We simultaneously create our lives and narrate it to ourselves, which is precisely what narrators do, creating as they describe. We feel that our lives fluctuate between genres. We may feel that a short story of an episode in our day is in the genre of farce. If our heart is broken, our story becomes, for as long as this remains the case, tragic.


And as we create and analyse our lives we are practising that relation between criticism and creation which literary criticism is peculiarly well placed to help us to think about. We can see literature both as creative, and as critical, and analytical, of life. Some great artists are also great critics, as is the case of Virginia Woolf and T.S. Eliot. But sometimes, unlike as in these cases, there is no difference between them; the critical and the creative are one, as in D.H. Lawrence.


So peculiarly powerful a mode is literature for reflecting on, manifesting, and expanding the sense of life that it is no wonder that in the late nineteenth century it began to take on the role of a substitute religion, which was carried further by the high modernists of the early twentieth century. Literature serves many of the same roles of moral and existential guidance and expansiveness – and in many cases cooperates fully with religion itself, as in the case for example of T.S. Eliot. Literature also allows us to rehearse death, as we see the death of fictional characters, if not within the narrative, then by relinquishing them at the end of the novel. They exist, forever, in a similar way to real people, having created and lived their stories.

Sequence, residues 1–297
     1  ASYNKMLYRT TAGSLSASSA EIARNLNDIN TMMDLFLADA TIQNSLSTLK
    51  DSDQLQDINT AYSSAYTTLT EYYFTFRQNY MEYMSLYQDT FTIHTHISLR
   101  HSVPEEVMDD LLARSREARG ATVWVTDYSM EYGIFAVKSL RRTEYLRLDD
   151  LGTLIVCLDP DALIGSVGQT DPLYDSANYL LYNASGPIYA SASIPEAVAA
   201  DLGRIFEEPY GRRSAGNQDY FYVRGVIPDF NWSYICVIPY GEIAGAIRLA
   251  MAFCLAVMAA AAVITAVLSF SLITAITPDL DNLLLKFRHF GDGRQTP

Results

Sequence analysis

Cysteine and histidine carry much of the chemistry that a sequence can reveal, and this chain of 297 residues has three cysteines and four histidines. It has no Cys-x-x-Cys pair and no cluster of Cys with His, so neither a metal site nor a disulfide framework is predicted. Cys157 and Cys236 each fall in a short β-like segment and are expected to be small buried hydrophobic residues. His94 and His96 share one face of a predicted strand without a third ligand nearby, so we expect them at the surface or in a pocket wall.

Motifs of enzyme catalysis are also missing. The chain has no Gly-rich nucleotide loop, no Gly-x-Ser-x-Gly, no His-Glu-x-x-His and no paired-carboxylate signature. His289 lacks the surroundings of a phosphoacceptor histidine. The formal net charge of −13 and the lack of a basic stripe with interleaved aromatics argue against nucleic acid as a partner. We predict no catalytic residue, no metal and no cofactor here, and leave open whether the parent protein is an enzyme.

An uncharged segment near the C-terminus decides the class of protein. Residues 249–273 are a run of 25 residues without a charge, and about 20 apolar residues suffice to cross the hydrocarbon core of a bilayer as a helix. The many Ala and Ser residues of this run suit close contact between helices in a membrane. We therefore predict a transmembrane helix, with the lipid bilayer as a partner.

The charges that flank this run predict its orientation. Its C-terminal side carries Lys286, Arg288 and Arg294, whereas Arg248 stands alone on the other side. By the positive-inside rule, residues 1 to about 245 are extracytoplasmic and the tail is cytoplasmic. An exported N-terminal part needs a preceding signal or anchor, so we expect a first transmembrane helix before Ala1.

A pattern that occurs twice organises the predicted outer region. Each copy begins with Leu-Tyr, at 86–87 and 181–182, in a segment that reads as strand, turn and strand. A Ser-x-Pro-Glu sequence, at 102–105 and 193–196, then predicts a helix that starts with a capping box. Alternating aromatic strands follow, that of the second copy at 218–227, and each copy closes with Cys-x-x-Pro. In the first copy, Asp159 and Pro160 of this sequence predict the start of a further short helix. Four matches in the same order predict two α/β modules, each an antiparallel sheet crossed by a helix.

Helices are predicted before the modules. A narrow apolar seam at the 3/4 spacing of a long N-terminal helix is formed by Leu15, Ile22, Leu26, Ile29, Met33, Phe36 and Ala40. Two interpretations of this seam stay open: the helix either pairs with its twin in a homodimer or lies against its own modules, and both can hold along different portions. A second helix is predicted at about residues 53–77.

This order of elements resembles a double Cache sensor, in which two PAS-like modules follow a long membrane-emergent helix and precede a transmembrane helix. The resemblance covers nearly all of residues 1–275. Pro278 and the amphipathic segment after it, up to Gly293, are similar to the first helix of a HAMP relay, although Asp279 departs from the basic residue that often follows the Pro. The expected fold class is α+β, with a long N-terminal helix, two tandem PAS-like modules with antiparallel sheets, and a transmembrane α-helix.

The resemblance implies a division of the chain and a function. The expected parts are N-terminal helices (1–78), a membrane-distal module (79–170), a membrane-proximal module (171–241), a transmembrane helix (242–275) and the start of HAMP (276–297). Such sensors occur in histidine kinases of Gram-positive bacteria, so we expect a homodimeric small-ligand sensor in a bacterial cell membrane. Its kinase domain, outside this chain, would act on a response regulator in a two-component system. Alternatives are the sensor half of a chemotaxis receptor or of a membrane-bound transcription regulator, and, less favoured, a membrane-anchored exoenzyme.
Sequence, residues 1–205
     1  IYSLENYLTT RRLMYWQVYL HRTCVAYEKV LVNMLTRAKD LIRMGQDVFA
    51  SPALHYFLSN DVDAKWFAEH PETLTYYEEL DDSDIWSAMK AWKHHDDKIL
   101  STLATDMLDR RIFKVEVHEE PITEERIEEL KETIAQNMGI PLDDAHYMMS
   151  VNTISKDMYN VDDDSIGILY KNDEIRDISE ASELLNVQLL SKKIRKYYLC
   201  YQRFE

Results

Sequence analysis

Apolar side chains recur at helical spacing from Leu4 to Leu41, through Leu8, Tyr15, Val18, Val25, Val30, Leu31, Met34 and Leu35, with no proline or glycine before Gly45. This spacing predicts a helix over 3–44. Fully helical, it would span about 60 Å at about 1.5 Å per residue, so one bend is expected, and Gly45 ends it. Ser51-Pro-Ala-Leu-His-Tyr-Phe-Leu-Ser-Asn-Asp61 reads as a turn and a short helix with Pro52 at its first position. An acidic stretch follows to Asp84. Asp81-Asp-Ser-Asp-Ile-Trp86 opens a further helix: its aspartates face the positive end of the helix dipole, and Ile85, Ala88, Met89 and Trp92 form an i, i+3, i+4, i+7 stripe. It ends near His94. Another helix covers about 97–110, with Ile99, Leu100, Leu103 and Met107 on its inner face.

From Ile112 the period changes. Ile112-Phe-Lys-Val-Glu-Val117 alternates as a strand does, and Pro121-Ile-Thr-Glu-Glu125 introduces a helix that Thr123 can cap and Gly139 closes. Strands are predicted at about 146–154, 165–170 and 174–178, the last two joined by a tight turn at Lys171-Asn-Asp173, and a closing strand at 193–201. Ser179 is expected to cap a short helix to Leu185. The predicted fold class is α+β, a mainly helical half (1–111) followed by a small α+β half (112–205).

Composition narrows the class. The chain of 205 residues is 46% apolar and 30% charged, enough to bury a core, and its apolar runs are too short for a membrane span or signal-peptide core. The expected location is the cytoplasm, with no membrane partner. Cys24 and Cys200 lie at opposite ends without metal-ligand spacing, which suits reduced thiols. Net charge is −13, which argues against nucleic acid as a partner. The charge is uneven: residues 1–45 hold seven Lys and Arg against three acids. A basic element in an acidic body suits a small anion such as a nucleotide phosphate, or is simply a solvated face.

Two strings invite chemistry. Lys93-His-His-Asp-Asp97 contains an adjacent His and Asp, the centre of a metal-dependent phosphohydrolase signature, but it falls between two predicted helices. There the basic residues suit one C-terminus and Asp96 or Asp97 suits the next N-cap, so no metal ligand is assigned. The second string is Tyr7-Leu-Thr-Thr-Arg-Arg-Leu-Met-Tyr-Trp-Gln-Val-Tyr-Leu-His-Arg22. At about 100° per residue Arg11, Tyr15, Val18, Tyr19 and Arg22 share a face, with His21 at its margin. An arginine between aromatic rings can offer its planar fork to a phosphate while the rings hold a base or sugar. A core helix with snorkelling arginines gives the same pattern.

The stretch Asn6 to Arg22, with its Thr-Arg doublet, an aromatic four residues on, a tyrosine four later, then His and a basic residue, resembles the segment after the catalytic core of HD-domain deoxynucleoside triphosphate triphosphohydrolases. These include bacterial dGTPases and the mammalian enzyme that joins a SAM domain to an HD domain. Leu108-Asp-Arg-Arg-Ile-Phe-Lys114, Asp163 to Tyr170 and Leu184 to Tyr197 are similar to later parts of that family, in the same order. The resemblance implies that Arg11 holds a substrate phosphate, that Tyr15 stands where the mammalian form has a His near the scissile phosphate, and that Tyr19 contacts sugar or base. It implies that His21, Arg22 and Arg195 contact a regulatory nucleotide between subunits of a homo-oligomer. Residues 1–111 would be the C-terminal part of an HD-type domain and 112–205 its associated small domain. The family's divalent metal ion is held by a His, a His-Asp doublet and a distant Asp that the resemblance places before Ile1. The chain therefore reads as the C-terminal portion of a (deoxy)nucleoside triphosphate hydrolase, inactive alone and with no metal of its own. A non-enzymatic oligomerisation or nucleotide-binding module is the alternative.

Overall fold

All these ways of thinking and feeling are permanently engendered by the intense study of literature for a period. Literary study breaks down the barrier between work and life, thought and life, in a way which enhances both durably. One is, if one is thinking about anything concerning humanity, never notthinking in a way which can enhance one’s study of literature, and when studying literature one is never not becoming able to live better.


At a more obvious level, one can read literature with greater penetration and pleasure for the rest of one’s life, having once learned and become practised at doing it well. One enters a freemasonry of knowledge of texts; one is linked, particularly in knowledge of Shakespeare, to most other English graduates, not only in the UK but all over the world.


For these reasons such as all those above, the critic F.R. Leavis, in his 1943 book Education and the University, thought that English Literature was the central subject at university level. One studies English, and then goes out into the world to become a teacher, or politician, or whatever else, permanently enhanced – transformed – by the study that one has undertaken. My claims for my subject are as big as that.


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Catherine Brown